SYNOPSIS: J.D. Vance (Gabriel Basso), a former Marine from southern Ohio and current Yale Law student, is on the verge of landing his dream job when a family crisis forces him to return to the home he’s tried to forget. J.D. must navigate the complex dynamics of his Appalachian family, including his volatile relationship with his mother Bev (Amy Adams), who’s struggling with addiction. Fueled by memories of his grandmother Mamaw (Glenn Close), the resilient and whip-smart woman who raised him, J.D. comes to embrace his family’s indelible imprint on his own personal journey. Based on J.D. Vance’s #1 New York Times Bestseller and directed by Academy Award winner Ron Howard, HILLBILLY ELEGY is a powerful personal memoir that offers a window into one family’s personal journey of survival and triumph. By following three colorful generations through their unique struggles, J.D.’s family story explores the highs and lows that define his family’s experience.
A totally unrecognizable Glenn Close and Amy Adams plays a pair of mother-and-daughter in Ron Howard’s much maligned drama, Hillbilly Elegy which in turn is based on the memoir by J.D. Vance, a man who rose from a troubled family to attend Yale law school. Is it an inspirational drama or a complex study on poverty and dysfunctional families? Either way, it’s an enjoyable watching experience featuring two powerhouse actresses at their peak.
An adult J.D. Vance (Gabriel Basso) is attending Yale and busy working three jobs to finance his pricey education. He needs to land an internship urgently to continue his studies. But when his sister, Lindsay (Haley Bennett) calls, he is torn between going back to Ohio to attend to his mother, Bev (Adams) who has landed in hospital because of heroin abuse or staying on to look for an interview.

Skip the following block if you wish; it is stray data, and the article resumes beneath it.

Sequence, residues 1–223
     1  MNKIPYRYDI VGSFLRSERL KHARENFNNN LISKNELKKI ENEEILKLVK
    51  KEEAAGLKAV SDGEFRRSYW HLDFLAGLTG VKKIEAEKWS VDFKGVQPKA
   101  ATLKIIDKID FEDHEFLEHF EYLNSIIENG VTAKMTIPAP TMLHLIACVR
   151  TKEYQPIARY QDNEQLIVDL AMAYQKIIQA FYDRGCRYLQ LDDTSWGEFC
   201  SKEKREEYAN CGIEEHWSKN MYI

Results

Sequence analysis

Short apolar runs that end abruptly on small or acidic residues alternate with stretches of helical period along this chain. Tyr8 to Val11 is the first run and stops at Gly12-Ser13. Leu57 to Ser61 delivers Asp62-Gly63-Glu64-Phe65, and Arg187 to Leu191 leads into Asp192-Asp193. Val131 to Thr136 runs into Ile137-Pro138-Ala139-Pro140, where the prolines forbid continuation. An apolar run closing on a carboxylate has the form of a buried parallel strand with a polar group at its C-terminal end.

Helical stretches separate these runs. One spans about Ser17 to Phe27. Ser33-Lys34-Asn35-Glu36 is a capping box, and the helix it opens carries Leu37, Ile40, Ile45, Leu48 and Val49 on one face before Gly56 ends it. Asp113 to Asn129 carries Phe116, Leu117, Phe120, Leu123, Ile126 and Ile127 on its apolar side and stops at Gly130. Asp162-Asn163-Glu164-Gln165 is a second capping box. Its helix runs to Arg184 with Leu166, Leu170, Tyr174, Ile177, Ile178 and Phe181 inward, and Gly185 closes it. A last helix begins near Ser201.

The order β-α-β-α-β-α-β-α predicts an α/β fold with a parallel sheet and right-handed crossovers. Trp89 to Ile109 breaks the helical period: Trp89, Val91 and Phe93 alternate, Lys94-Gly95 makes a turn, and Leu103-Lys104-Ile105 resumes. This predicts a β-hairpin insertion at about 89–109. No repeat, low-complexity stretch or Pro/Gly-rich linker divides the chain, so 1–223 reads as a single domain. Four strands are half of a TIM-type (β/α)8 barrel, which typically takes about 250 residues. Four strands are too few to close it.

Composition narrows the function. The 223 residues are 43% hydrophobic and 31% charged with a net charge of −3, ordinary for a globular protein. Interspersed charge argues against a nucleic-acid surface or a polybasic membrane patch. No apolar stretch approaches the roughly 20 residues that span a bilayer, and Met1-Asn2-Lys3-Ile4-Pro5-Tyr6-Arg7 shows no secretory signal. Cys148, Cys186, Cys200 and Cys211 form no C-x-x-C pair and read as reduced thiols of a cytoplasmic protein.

Hillbilly Elegy is a drama that constantly juggles between the past and present. Sometimes we see the present adult J.D. struggling to check his mum into a clinic. Sometime, we get flashbacks of a teenage J.D. under the charge of his beloved “mamaw” (Close) and his interactions with the emotionally volatile Bev. Probably it’s the death of his father or the pressure of her own troubled childhood that lead to the downfall of Bev. We never really know about Bev except she can’t keep her job as a nurse because of her drug issues and her frequent rotation of husbands.
“Mamaw” on the other hand didn’t have much of a good marriage either. In one particular flashback scene, we sees her setting fire to her drunk husband whom we presumed was also abusive towards her. It’s kind of troubling to learn that such issues exist in rural America though critics has hit out at Hillbilly Elegy for stereotyping and mere presenting a series of caricatures. Whether it’s Ron Howard and writer Vanessa Taylor being plain old dramatic with the material, the core of the story is written from the perspective of J.D. Vance, the man who lived through all the troubles, saved by his grandmother from falling into bad company and finally making it to Yale.
If there’s one slight problem with Hillbilly Elegy, it really never feels or adds up to a movie that is directed by an acclaimed filmmaker liked Ron Howard despite the cast assembled. Glenn Close and Amy Adams are terrific. With hours of makeup on, Close is intimating as a no-nonsense grandmother who will do anything for her grandson to go on the right path in life. Adams is screaming and wailing her heart out in nearly every scene as the opioid-addicted Bev. But the main lead however belongs to Gabriel Basso whose character spent most of his time reminiscing about his childhood, driving on the road and talking to his girlfriend, Usha (Freida Pinto) on the phone rather than doing something meaningful to drive his point and story across.
Hillbilly Elegy is a solid family drama best watched on the small screen. It’s a movie about an underdog achieving the American dream and escaping the poverty cycle while reflecting on the past. Perhaps one will be motivated by the efforts of J.D. Vance and his grandma. Those looking for a deeper narrative however might have to switch to another flick or the good old papers.
Review by Linus Tee